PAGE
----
I know I'm the last one to the party on this one but I just got around to seeing Waiting for Superman this weekend. Fordham staff have already weighed in with lots of great insight (see here, here, here, and here) but I have one comment about the film positing ?we know what works.?

I saw the movie on Saturday coming off of a multi-day conference in Nashville with leaders and key staffers of PIE Network organizations. For those of you who don't know, the PIE Network is a coalition of statewide education advocacy organizations that have made serious dents in improving education policy in their respective states. Colorado Succeeds was instrumental in helping craft and pass that state's landmark teacher reform bill, which overhauled teacher evaluations, tenure, forced hiring and placement, and seniority-based reductions in force ? in other words, precisely the types of policy changes that Waiting for Superman calls for implicitly.? ConnCAN, Advance Illinois, Tennessee SCORE, and several others have brokered equally critical policy and legislative changes. To hear from leaders of these organizations was energizing, inspiring, and humbling, to say the least.

Which brings me to my original point: Waiting for Superman's attempt to motivate audience members ? though commendable ? felt a bit misleading because it portrayed the pursuit of ?what works? as somewhat effortless.

Mike has criticized this attitude in a great post here, specifically in terms of hubris when it comes to thinking we've ?cracked the code? with a handful of top-notch charter schools serving poor kids.

At a statewide policy level, this attitude is also grossly oversimplified. Here in Ohio, we can identify which policies need to change in order for education to better serve the interests of children. We can even craft model legislation to overhaul teacher evaluations; hold principals and teachers accountable for student performance; put an end to tenure, last hired, first fired, etc.

But when it comes to actually moving those ideas from paper into action, the solution is anything but easy. Technically we sort of ?know what works,? but what we're not as sure of is how to convince everybody else of that, and to ensure that state lawmakers and leaders will take the political risks necessary to bring into these ideas into reality.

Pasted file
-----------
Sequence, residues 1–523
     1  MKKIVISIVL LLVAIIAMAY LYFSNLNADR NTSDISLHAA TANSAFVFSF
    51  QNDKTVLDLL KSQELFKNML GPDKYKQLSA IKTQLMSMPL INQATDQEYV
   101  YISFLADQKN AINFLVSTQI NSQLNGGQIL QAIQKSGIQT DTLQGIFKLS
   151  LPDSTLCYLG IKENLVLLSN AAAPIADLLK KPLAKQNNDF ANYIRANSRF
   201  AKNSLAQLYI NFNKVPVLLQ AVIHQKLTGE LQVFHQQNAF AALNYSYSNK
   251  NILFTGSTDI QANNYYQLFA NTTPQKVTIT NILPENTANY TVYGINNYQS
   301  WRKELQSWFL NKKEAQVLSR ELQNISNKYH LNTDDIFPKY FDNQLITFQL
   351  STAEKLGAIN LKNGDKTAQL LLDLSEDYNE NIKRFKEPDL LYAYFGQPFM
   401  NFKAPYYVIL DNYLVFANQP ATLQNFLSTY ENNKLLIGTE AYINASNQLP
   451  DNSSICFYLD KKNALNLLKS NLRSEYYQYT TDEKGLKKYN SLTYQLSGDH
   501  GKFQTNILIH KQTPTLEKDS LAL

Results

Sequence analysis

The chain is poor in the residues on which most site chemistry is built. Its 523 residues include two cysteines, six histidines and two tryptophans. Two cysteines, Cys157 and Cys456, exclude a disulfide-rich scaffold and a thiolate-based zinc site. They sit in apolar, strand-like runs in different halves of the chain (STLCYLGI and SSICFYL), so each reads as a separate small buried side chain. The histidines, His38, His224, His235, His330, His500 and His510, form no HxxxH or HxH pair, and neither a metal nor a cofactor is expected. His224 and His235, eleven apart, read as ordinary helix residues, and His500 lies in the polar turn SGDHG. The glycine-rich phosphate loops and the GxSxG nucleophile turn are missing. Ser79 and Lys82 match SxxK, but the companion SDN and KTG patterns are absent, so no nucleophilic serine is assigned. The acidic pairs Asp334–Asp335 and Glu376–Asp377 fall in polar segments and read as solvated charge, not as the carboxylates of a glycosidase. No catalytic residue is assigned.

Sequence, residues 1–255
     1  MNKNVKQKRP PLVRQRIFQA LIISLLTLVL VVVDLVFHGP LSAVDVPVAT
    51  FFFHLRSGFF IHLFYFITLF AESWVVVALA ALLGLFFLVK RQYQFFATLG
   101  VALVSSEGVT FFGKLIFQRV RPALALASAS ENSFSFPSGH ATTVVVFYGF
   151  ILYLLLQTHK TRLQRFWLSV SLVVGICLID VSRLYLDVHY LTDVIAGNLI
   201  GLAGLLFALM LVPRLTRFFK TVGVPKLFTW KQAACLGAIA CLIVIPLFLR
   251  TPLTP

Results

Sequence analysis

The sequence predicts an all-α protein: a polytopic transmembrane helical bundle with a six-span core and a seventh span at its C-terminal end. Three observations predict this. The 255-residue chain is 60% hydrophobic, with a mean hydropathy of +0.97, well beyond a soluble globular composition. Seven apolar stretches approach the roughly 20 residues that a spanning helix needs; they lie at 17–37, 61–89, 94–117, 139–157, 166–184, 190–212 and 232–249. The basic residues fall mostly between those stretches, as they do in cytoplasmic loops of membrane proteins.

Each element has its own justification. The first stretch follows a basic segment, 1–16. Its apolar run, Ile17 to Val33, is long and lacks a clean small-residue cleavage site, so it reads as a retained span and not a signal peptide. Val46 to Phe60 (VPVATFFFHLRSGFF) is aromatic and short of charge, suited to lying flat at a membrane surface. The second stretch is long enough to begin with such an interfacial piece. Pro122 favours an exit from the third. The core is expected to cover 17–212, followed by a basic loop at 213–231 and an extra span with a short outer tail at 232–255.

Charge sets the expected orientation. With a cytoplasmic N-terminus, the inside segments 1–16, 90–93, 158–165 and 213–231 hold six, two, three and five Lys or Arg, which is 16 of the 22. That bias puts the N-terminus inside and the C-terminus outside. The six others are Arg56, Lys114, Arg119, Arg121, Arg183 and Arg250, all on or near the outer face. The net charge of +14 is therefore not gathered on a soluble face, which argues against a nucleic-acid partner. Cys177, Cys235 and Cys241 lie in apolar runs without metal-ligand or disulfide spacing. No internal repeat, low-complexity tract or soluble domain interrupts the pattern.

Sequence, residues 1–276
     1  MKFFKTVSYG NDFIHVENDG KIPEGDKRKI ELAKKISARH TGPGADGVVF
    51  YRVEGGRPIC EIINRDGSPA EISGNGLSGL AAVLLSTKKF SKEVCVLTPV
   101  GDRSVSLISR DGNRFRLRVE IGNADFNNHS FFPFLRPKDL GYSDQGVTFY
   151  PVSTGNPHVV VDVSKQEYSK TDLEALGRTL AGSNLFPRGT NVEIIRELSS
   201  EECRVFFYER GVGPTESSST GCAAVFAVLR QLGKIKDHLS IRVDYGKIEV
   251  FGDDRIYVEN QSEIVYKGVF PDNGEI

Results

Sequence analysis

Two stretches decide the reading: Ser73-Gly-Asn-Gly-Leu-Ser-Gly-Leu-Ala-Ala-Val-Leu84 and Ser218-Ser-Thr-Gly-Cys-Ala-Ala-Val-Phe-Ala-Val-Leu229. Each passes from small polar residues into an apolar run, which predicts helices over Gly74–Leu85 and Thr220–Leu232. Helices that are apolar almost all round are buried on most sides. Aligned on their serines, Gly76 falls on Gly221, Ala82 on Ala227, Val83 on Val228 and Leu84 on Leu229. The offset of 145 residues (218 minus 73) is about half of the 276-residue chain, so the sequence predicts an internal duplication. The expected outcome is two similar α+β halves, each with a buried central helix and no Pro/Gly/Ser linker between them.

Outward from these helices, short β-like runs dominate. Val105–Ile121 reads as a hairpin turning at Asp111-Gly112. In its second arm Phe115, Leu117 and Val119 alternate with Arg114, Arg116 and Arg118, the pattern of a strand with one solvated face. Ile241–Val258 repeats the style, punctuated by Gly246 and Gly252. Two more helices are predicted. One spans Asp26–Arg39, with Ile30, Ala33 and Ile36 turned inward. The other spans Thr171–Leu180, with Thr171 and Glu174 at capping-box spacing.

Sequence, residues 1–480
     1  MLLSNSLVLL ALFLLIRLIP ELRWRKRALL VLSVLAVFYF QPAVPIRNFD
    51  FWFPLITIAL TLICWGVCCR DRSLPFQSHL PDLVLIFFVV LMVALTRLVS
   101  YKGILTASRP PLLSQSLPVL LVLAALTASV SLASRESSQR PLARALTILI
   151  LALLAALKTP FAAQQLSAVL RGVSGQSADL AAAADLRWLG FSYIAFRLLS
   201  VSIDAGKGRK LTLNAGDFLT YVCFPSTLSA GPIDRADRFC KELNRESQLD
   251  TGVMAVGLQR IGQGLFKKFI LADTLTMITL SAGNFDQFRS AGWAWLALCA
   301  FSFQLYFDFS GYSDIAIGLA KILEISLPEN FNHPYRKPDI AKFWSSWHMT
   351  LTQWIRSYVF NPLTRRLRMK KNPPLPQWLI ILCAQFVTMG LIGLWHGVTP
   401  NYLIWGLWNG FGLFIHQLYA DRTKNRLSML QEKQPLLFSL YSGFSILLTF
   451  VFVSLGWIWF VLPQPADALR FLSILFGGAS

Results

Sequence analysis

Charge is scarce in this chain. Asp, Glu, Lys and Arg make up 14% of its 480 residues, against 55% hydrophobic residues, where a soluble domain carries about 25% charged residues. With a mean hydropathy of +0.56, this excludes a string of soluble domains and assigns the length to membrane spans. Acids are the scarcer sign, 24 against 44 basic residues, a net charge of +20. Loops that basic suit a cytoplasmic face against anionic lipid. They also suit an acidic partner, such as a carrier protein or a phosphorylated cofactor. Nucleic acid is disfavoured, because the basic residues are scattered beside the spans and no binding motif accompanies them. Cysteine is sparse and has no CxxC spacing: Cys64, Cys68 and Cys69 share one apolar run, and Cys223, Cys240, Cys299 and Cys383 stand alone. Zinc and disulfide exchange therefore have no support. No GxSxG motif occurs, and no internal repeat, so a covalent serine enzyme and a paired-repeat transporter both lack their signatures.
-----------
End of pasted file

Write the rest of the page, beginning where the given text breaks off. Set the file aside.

PIE Network members who have worked tirelessly to build coalitions, raise awareness, negotiate and re-negotiate, and fight an endless barrage of criticism and hostility in their states would be the first to tell you that the pathway toward implementing ?what works? is anything but easy. And we here in Ohio still have a long fight ahead of us. I can't really blame Guggenheim for not capturing all of this in the film (it's not the sexiest of topics, though he did touch on it a bit in showing the walls that Michelle Rhee came up against in DC) but as I watched the film I longed for a disclaimer or giant asterisk. ?We know what works *? ?.

*We know what works ? in theory. It is incredibly difficult to undo state laws, district regulations, and collective bargaining agreements that govern teachers' jobs and that prevent us from taking the kind of bold action suggested by this movie. It's politically risky. By seriously committing to this movement you may lose your job or even face death threats. You may work tirelessly for years, even a decade, and come out on the other end with a very different ?timeline? for your idealism. The status quo may swallow you whole before you ever complete the job. That said, it's worth it.

Doesn't that seem a bit more honest?

- Jamie Davies O'Leary

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